Interesting thing I learned in neuroimmunology today is about the activity and functions of glial cells:
Glial cells mediate immune response in the brain. Stress will alter the activity of glial cells in the brain, whether it be psychological or physical stress, and thus have an effect on immune response in the brain.
Chronic stress will cause the proliferation of glial cells, which in turn mediate the activity of cytokines— causing increased levels of production.
This I found particularly fascinating, because when such concepts are applied to trauma in the development of bipolar disorder, it could have some important implications.
Usually, environmental factors attribute to the development of bipolar disorder (many patients report childhood trauma).
So, perhaps early chronic stress effects development of brain in increasing number of glial cells that effect functioning of brain, leading to
- hypersensitivity when detecting stress in environment (aka change)
- hyper responsive to environmental stressors, explaining why individuals would become “manic” in response to detected stress
- and with mania, or any heightened state, there’s an accompanied “drop” that falls below baseline functioning (depression)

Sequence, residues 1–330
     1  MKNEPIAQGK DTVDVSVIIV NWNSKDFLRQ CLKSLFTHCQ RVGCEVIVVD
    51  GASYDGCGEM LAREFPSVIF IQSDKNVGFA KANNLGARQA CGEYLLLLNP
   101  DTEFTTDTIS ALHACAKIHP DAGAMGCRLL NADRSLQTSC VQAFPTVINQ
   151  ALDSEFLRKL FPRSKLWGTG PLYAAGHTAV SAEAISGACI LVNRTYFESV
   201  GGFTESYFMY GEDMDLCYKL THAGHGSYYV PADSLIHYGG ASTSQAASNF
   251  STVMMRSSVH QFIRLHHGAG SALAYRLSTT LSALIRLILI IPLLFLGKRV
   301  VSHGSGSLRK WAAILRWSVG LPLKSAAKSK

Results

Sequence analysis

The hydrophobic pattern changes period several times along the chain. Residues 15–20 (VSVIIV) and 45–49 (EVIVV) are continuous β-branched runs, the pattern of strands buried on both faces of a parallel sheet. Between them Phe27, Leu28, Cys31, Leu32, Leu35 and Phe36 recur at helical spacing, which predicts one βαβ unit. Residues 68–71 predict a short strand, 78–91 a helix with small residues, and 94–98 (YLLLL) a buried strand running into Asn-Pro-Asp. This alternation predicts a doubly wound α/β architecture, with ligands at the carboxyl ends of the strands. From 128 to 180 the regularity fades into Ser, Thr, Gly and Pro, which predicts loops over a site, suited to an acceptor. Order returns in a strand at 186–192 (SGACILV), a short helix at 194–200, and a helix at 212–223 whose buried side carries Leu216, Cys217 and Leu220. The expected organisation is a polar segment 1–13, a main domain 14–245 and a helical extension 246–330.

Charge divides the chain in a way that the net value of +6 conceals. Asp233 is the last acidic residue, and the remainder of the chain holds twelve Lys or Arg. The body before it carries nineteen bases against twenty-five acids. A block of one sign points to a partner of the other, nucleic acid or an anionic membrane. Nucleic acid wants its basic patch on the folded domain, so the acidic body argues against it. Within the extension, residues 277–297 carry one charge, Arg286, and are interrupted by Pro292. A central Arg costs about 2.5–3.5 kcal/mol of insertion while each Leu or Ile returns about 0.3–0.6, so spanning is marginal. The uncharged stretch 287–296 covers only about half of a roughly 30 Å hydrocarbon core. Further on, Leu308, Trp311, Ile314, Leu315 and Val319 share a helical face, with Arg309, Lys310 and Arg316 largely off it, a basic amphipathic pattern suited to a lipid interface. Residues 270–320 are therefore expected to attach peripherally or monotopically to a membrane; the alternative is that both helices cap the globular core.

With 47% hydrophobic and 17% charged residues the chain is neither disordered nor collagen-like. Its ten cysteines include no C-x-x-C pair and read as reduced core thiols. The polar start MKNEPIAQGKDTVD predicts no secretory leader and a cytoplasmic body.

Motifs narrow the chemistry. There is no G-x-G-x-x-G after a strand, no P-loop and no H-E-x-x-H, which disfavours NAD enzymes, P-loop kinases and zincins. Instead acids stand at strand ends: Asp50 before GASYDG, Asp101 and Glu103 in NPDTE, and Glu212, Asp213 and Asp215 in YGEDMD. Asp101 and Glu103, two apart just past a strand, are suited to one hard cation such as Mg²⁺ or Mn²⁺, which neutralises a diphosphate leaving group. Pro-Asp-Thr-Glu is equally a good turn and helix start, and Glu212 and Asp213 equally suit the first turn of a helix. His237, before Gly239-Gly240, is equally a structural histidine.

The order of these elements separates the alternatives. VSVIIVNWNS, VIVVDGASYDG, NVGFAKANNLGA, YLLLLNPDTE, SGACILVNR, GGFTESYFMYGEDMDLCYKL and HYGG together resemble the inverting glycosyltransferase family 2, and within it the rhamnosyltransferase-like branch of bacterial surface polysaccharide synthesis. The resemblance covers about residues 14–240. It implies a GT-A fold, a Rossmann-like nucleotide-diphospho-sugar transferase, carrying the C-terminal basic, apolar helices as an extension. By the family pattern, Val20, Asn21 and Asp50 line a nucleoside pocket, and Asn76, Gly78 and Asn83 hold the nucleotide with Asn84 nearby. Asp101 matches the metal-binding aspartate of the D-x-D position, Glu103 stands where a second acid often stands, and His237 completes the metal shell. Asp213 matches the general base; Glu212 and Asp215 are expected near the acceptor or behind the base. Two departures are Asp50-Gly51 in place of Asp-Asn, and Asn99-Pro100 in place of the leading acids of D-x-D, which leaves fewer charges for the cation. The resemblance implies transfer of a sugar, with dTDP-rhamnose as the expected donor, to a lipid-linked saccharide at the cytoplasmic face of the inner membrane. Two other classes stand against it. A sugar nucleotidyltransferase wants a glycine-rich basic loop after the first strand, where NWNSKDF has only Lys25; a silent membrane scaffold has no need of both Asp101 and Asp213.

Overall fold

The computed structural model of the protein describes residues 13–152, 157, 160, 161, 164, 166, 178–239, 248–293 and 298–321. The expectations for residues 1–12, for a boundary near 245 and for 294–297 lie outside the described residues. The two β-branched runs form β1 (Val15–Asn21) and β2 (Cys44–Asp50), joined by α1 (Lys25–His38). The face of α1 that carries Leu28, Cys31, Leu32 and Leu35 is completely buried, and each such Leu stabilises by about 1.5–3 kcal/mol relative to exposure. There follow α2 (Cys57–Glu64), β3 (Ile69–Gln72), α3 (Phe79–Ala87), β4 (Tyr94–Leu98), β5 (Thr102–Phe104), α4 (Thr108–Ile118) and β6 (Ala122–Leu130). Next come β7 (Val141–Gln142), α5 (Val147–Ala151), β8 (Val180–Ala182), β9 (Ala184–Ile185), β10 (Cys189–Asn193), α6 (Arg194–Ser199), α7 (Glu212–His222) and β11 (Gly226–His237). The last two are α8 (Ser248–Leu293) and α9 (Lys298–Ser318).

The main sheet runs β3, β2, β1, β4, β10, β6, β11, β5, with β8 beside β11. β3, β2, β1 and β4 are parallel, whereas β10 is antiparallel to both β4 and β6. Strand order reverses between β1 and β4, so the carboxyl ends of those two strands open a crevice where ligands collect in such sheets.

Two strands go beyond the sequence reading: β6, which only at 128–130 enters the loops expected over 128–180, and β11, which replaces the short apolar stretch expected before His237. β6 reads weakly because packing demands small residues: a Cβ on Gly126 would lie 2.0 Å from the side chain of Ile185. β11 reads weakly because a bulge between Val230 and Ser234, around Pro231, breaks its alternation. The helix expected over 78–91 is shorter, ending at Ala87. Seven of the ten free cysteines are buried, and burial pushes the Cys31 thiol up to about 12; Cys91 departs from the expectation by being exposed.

- explains why creativity is linked to the disorder. increased # of glial cells= increased production of synpasing, and connection between neurons, neuronal networks = more associations?
- increased glutamate activity (which could be a result of increased glial activity) is reported during manic states, so perhaps depression also results from excitotoxic conditions?
Hyperactivity in response to stress = increased glial response = increased glutamate activity ==> Manic symptoms.
And if condition is not properly down-regulated, increased glutamate activity eventually = excitotoxic buildup = neuronal death ==> Depressive symptoms.
Science is great…
Of course, since I’m entirely new to the subject, I could be completely off.
#Neuroimmunology #science #bipolar disorder #Glial cells